Websites must be optimized for voice search
Voice user interface allows users to interact with websites through voice commands, so it adds usability and functionality to your site, making it accessible to all users, including those with limitations and disabilities. It is not just about complying with the ADA, responsible web design, and corporate social responsibility goals. Still, it is also good for the bottom line by reaching a broader audience. Inclusion is the right thing to do, and it is good for business. Smart speakers are only getting more popular going forward, so being able to optimize for voice search will be critical to maximizing the marketing and advertising opportunities on Siri, Alexa, Google Home, etc. Brands that perfect the “branded skill” with more customer-friendly, less invasive ads are going to win big. Are you prepared when customers ask for help like “Alexa, what is the best Mexican restaurant in Boston?” if not, you are missing a big opportunity! There are always new shiny objects in marketing to distract you, social media and technology are 24/7, but search engine optimization is here to stay, whether it is via Google or voice. You get one chance to make a great first impression, so if you want to improve the impression you are making and give your business a boost, make sure your site is optimized, and voice search is essential.
Authentic relationships beat marketing automation
Technology runs our lives more than ever, but it is relationships that drive business and commerce so people will find more ways to connect in-person to build trust and strengthen connections. Make sure you offer several ways to talk with them and get to know them. Algorithms can only tell you so much about a customer, transactions are driven by relationships. Use automation where you can, but do not ignore the power of the personal touch.
Big data is getting bigger, but customer conversations are critical to best insights for content
Talking directly to your customers to get first-hand in real-time their experience and knowledge will be a priority and competitive advantage to get the messages right
More use of AI-powered chatbots
They cut costs and convert visitors into leads by encouraging themed content to answer FAQs with voice search-friendly semantic keyword phrases, is your content strategy ready?
Becoming closer to existing customers
It is well known that it is cheaper and easier to keep current customers happier than always filling the bucket with new ones. I predict B2B firms will find new ways to deepen relationships and expand into more useful and connected ways with the clients they already have. There will be more cross-selling and upselling to develop existing relationships.
Can you please tell us the 5 things you wish someone told you before you started? Can you please share a story or example for each.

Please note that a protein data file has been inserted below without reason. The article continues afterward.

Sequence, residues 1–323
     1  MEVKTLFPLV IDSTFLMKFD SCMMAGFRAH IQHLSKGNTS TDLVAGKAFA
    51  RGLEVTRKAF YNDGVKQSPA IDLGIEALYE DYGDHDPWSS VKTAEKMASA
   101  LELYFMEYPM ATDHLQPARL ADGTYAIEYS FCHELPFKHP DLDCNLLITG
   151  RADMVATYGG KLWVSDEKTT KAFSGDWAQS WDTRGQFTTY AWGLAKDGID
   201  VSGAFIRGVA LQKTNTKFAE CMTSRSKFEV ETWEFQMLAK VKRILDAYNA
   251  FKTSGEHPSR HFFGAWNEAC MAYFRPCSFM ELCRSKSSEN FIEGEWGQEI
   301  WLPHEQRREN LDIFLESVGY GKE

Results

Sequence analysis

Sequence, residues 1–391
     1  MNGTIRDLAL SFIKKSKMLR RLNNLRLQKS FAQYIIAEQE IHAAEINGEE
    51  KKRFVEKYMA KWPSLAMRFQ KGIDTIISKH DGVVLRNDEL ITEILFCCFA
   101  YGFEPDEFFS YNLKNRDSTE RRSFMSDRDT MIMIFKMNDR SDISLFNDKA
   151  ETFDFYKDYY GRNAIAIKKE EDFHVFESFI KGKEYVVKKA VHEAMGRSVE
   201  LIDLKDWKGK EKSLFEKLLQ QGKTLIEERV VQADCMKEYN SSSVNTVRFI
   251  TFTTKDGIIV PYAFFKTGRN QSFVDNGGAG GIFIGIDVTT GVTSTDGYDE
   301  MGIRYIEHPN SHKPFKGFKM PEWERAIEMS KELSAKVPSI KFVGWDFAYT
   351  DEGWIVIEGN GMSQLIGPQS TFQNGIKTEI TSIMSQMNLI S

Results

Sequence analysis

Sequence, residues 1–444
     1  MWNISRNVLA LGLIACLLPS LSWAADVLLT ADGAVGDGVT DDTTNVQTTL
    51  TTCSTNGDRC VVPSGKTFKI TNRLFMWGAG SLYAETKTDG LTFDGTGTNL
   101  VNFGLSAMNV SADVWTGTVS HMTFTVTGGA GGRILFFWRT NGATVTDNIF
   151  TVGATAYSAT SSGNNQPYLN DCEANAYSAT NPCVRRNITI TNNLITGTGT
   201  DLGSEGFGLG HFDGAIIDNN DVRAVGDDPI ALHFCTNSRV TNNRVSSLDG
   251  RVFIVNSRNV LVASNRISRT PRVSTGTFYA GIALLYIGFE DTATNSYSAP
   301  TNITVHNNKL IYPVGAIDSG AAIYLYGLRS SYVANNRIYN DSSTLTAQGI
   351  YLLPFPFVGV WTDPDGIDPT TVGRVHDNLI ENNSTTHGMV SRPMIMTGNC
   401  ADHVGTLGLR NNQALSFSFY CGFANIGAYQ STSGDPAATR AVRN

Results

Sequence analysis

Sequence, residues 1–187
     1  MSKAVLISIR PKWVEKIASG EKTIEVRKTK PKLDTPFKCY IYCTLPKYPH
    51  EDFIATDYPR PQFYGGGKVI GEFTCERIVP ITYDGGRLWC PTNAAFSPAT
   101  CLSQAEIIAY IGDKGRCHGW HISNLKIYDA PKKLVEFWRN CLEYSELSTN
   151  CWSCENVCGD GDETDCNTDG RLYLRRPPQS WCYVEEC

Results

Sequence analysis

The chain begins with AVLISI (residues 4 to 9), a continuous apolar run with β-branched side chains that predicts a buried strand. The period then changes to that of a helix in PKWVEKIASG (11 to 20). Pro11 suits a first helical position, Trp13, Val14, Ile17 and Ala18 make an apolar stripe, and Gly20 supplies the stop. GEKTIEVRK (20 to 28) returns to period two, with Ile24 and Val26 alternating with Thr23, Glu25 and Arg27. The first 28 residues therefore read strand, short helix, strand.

There are so many lessons I have learned along the way…
Patience — It really is a marathon, not a sprint, so do not set arbitrary goals like being named 30 under 30 or 40 under 40 because it may take you longer than Mark Zuckerberg to hit your stride and that’s ok. Most people take many detours on their career paths before finding their true calling. Don’t be disappointed if you get to 40 and are still exploring because the journey really is a great adventure, so enjoy it!
Fail fast — Don’t be scared to fail, just learn from every bump in the road, so you make better mistakes next time, that is where you learn the most! You learn to do by doing. Course correct and pivot along the way, it makes for a fun career path.
Keep learning — Finishing school is not the end of your education. You will be a student for the rest of your life, so never stop learning new things. Your training is just starting to get really interesting, and the grades don’t matter anymore. Be a sponge for knowledge & enjoy the learning process.
Success is personal, and your definition will change over time. That is normal and shows maturity, find what matters to you, and don’t worry about anyone else.
Most of my business comes from public speaking and networking, so those are 2 critical skills that have helped me succeed. People do business with people they know, like, and trust, so you have to get out there to build your reputation online and off. Prospective customers and jobs can come from anyone anywhere anytime, so you should always be on your best behavior & make a great lasting impression. Be nice to everyone & make friends before you need them, you never know who is in or will be in a position to help!
What books, podcasts, documentaries, or other resources do you use to sharpen your marketing skills?
My new favorite podcast is called Remarkable People by Guy Kawasaki. He started the series at the end of last year, and so far, he has talked with everyone from Jane Goodall to Phil Zimbardo to Martha Stewart, Arianna Huffington, and Andrew Yang. Guy Kawasaki is a remarkable person, too, so I learn something with every conversation, and each one is so interesting and thoughtful. I am a huge fan and highly recommend it!
You are a person of significant influence. If you could inspire a movement that would bring the most amount of good to the most amount of people, what would that be? You never know what your idea can trigger. 🙂
I’d try to start a kindness movement to counterbalance what we see in Washington and all over the media today. I grew up in the South, and people were generally nice, respectful, kind, and friendly. I do not believe life or business is a zero-sum game. We do not have to divide up the pie. We can work together to bake more pies, so there is enough to go around. I think the people around the world in the center want peace, and we need to find ways to bring the extremists back into the fold, but it is going to take people from all walks of life to band together to make it happen. There really is more in common across cultures when you realize everyone wants the best for their family and community, so we should all be putting our energy into building stronger foundations and ecosystems that will help us all.